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Health and Wellness Across Gender

Health and Wellness Across Gender
Men and Women have unique perspectives, needs, and experiences related to health insurance and health care. Keep reading for key insights, and a downloadable deck to help your brand or organization better connect with these segments.
 

Americans are increasingly embracing a consumer mindset when it comes to healthcare. Men and Women alike are shopping around, comparing prices, and seeking more information than they have in the past. They are doing this because heath care has changed – it has expanded choice and shifted costs.

To win in this constantly evolving space, brands and organizations need to understand men and women’s unique health-related perspectives and how they impact their engagement with health insurers and providers.

Collage Group’s 2021/2022 Health & Wellness Study leverages data captured from more than 3,500 Americans to help brands understand how health-related attitudes and behaviors differ by gender. Our research reveals how an emerging consumer mindset impacts Americans engagement with both the health insurance and health care provider space. We explore barriers to insurance coverage, drivers and barriers to trust and satisfaction, provider preferences, receptivity to provider advice, and more.

Download the attached presentation and take a look at a few key insights and implications below:

#1: Affordability is the Top Barrier for the Uninsured

The high cost of healthcare for Americans is not news, we know that men and women both face increasing costs and are seeking ways to offset them. But for women, costs are even higher earlier in life, thanks to increased incidence of many chronic conditions, as well as the healthcare costs associated with their reproductive years. This leads many to cut costs by forgoing care or insurance altogether – lack of affordability is the top reason why uninsured women don’t have coverage.

Affordability is also the top reason why men don’t have insurance, albeit at a much lower rate. But what’s interesting – and actionable for healthcare brands – is that men are twice as likely as women to say that they don’t have health insurance because they don’t know how to purchase it. They’re also twice as likely to say they don’t have health insurance because they don’t need it.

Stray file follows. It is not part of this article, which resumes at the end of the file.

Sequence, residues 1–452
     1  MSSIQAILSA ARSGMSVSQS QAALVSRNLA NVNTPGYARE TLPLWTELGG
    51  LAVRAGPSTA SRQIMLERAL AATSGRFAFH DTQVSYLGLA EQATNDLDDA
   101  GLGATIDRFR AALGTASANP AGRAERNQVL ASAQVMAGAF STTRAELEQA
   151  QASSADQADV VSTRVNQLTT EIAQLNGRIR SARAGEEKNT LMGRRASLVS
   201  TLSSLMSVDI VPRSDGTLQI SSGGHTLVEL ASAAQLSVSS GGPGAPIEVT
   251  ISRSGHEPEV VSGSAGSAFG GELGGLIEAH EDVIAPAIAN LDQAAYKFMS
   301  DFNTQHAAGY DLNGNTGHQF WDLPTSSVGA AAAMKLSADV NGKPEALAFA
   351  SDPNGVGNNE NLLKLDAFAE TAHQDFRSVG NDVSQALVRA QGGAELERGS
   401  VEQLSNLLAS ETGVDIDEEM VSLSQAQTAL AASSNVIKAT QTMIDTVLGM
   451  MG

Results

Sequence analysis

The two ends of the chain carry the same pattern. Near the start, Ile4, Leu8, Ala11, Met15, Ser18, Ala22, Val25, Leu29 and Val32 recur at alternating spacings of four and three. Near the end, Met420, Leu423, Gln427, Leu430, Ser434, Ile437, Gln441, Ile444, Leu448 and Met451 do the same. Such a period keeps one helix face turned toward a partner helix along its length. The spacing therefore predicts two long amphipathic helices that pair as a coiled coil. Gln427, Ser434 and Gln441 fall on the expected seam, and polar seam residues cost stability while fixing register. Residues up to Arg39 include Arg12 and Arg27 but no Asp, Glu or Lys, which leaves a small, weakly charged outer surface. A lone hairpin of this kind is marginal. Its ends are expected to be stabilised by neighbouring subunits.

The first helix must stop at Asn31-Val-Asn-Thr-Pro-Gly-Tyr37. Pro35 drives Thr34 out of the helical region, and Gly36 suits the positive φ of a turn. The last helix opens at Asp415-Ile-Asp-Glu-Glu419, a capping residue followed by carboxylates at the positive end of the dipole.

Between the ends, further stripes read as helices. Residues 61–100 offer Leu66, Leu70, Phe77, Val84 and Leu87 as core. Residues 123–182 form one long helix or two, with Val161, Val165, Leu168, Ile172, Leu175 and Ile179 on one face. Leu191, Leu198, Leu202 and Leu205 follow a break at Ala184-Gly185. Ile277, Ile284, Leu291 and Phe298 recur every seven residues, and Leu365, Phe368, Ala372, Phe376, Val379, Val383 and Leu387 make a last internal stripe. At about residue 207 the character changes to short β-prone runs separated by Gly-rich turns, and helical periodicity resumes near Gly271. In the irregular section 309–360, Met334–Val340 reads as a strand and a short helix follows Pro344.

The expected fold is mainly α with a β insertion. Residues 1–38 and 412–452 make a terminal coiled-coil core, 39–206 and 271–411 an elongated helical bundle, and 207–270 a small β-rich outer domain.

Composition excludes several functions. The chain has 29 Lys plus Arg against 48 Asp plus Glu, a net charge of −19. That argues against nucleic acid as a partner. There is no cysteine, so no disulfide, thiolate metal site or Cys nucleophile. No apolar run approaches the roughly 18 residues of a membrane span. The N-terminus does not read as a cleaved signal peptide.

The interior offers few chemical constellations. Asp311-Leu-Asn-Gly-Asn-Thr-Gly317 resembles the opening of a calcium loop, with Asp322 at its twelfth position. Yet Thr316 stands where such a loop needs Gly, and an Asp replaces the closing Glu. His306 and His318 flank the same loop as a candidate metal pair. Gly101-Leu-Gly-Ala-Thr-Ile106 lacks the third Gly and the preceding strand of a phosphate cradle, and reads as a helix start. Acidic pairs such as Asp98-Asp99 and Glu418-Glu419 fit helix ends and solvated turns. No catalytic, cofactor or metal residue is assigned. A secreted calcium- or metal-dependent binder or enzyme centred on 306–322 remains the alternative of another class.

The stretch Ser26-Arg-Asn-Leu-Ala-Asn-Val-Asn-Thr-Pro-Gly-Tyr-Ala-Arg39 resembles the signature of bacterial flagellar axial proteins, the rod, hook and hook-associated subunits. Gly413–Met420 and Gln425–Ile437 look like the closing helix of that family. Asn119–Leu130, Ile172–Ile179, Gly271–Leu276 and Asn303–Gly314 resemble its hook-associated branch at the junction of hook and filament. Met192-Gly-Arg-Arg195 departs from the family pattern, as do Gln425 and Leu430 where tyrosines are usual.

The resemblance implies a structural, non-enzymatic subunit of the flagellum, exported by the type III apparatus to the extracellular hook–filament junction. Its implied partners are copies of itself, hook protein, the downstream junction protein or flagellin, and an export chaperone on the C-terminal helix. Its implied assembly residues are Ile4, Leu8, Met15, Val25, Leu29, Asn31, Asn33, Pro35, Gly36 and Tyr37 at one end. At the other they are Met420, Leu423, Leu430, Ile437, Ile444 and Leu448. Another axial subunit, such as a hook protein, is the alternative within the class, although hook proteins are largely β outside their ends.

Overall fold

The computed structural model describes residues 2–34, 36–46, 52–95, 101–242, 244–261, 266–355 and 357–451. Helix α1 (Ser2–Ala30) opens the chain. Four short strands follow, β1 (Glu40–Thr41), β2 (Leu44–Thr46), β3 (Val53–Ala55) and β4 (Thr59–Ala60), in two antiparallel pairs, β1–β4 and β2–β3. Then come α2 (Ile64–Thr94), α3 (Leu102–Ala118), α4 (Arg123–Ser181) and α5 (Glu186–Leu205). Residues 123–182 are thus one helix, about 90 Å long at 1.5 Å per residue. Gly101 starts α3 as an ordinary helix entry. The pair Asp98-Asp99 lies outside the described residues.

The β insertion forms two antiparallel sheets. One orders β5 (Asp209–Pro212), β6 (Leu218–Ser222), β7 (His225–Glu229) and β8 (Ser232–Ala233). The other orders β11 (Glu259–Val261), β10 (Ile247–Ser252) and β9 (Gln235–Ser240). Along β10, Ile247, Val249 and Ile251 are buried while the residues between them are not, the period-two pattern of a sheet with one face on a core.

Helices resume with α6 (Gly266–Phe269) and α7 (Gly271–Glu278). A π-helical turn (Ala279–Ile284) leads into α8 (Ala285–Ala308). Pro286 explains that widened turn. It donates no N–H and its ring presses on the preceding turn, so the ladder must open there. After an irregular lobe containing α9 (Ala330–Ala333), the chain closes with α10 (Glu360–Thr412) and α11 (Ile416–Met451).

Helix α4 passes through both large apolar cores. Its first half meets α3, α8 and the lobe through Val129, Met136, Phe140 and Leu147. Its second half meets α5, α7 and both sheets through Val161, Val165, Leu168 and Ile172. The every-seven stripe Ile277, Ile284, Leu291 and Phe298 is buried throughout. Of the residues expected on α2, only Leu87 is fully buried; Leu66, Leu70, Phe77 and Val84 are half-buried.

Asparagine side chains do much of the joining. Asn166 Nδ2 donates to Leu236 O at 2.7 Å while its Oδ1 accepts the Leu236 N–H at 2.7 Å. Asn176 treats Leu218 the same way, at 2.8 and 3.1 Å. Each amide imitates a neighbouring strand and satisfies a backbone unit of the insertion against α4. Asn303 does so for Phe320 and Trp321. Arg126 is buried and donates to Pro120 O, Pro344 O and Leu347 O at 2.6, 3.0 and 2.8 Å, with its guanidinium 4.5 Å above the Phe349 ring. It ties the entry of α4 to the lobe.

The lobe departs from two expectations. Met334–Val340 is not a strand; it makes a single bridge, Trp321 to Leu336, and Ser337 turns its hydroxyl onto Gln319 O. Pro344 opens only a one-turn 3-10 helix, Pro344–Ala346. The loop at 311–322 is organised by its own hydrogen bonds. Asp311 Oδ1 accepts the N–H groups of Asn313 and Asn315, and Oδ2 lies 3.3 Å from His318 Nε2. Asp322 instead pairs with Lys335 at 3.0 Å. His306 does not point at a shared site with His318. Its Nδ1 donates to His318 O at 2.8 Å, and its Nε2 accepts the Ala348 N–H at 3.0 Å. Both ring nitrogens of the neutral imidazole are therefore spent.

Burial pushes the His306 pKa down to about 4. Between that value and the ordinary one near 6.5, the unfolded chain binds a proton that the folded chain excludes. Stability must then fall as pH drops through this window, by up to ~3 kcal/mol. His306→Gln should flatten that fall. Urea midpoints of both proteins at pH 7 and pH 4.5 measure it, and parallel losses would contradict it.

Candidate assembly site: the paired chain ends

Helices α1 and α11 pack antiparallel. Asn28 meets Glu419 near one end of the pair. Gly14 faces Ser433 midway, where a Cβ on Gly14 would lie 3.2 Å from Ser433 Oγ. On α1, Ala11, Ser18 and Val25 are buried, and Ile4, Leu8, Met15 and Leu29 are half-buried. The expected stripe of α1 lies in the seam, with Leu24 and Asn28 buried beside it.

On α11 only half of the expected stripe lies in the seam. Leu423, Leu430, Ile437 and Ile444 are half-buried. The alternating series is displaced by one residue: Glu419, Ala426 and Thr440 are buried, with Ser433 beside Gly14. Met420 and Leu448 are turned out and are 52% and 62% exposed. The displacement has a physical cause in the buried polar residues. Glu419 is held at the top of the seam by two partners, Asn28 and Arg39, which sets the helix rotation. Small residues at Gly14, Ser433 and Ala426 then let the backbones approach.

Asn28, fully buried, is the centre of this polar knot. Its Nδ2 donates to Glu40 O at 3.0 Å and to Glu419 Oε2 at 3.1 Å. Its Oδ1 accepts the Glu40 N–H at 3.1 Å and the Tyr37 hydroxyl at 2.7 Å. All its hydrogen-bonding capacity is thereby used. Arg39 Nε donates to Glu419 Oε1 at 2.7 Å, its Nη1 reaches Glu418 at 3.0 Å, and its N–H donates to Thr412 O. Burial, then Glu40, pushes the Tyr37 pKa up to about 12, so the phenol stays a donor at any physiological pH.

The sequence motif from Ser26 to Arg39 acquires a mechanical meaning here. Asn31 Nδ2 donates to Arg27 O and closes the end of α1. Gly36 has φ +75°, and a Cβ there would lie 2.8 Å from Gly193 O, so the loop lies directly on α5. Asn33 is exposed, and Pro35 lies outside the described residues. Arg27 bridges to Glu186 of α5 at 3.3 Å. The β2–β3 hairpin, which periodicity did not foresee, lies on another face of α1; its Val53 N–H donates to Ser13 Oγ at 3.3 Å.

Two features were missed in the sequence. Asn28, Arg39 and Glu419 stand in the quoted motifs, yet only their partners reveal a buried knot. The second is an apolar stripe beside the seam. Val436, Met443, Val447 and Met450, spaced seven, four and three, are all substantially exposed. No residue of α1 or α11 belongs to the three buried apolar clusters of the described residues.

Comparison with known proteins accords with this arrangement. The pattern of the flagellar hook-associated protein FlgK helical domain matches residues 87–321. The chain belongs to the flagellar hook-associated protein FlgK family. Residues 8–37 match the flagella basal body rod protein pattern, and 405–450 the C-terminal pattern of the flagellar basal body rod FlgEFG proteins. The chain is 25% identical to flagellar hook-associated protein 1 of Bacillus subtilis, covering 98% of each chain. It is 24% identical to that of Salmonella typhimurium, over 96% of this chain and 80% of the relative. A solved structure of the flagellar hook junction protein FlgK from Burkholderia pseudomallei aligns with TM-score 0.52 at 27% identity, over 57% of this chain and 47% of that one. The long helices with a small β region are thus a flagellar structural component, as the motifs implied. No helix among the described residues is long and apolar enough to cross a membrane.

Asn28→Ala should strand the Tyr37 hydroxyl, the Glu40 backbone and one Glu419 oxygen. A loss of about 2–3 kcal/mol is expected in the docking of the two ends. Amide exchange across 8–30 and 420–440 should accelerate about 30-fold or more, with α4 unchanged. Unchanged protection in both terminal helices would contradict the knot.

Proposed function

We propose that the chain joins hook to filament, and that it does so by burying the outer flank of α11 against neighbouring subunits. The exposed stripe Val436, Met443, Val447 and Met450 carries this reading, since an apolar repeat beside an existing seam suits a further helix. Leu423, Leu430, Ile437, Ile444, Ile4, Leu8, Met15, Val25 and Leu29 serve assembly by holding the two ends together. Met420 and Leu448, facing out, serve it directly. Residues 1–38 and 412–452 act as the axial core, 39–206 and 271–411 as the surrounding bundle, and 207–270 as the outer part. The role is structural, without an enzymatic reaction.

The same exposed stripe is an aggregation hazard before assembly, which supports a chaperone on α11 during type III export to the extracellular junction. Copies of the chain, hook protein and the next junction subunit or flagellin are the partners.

Best Practice: The Nevada Health Link took a creative approach to attracting the cost conscious uninsured. Their creative campaign titled, “You Can’t Afford to Not Be Insured”, highlighted the savings insurance provides when faced with a variety of common ailments compared to paying out of pocket – presenting insurance as a relative value.

#2: Men Seek Insurance Partnership Through Communication

Communication with their health insurance provider is particularly important for New Wave Men – those who are 26-41 in this study. When asked what insurance companies might do to be seen as a partner rather than a barrier in improving health, New Wave men were significantly more likely to say “If I had a person at the insurance company I could easily communicate with.”

New Wave Men Seek Insurance Partnership

Best Practice: The state of Minnesota health insurance exchange, or “MNSure”, recently ran a campaign highlighting the communication support provided to those seeking to enroll. MNSure utilizes a network of “assisters” who provide 1:1 support on social channels, year round. The ads seen below were designed to be shared by the assister network across social channels, so individuals could reach out to the assisters directly to receive support, or through the provided contact information.

MNSure Highlights Certified Navigators

#3: New Wave Women Have Endured Negative Healthcare Services, Leading to Lower Healthcare Satisfaction  

Of all segments we looked at in this study, younger women (26-41yrs old) have the lowest level of satisfaction of their health care providers. And the unfortunate truth behind this number seems to be that they have simply had more negative experiences with health care providers in the past. In fact, younger women are significantly more likely to have experienced literally every negative experience we asked about – from doctors rushing through visits and not listening to them, to lifestyle judgment and pressured decision making.

The silver lining of the negative experiences women have had in the past is that they now know what they want from health care providers. Women want personalized care, from doctors who understand their unique healthcare needs, and they want it delivered in a way that is efficient and effective.

Young women most likely to receive bad service

Best Practice: Recognizing that the needs of women weren’t being completely met through traditional providers, Maven Health set up gap-filling coverage tailored to the needs of women. Maven provides detailed information from the comfort of an app, but also personal concierge service and virtual visits with regular providers to ensure women get the personal support they want.

Health care preferences

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Health Care Across Generations

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Health Care Across Generations
Each generation approaches the patient journey from a unique perspective. Keep reading for key insights and a  downloadable deck on generational differences in health-related attitudes and behaviors and the emerging consumer mindset.
 

Health and wellness are top of mind for consumers. With healthcare costs higher than ever, Americans are acting more and more as “consumers” when it comes to their healthcare and health insurance. They want to get bang for their buck by being more choosy and “shopping around.” As a result, they’re more sensitive to price and  think even more critically about their symptoms before deciding it’s necessary to seek care. And when they do, many are turning to cost-effective options like virtual care.